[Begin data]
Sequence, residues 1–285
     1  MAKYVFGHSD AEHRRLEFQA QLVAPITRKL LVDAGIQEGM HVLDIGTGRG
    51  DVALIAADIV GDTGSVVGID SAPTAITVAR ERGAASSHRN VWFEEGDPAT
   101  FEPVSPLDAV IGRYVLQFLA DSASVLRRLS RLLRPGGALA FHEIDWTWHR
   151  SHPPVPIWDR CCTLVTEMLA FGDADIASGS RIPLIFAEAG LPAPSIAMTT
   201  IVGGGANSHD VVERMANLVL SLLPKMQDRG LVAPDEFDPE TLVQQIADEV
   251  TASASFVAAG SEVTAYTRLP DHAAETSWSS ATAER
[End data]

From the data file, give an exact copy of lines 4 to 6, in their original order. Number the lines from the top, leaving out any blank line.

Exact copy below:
   101  FEPVSPLDAV IGRYVLQFLA DSASVLRRLS RLLRPGGALA FHEIDWTWHR
   151  SHPPVPIWDR CCTLVTEMLA FGDADIASGS RIPLIFAEAG LPAPSIAMTT
   201  IVGGGANSHD VVERMANLVL SLLPKMQDRG LVAPDEFDPE TLVQQIADEV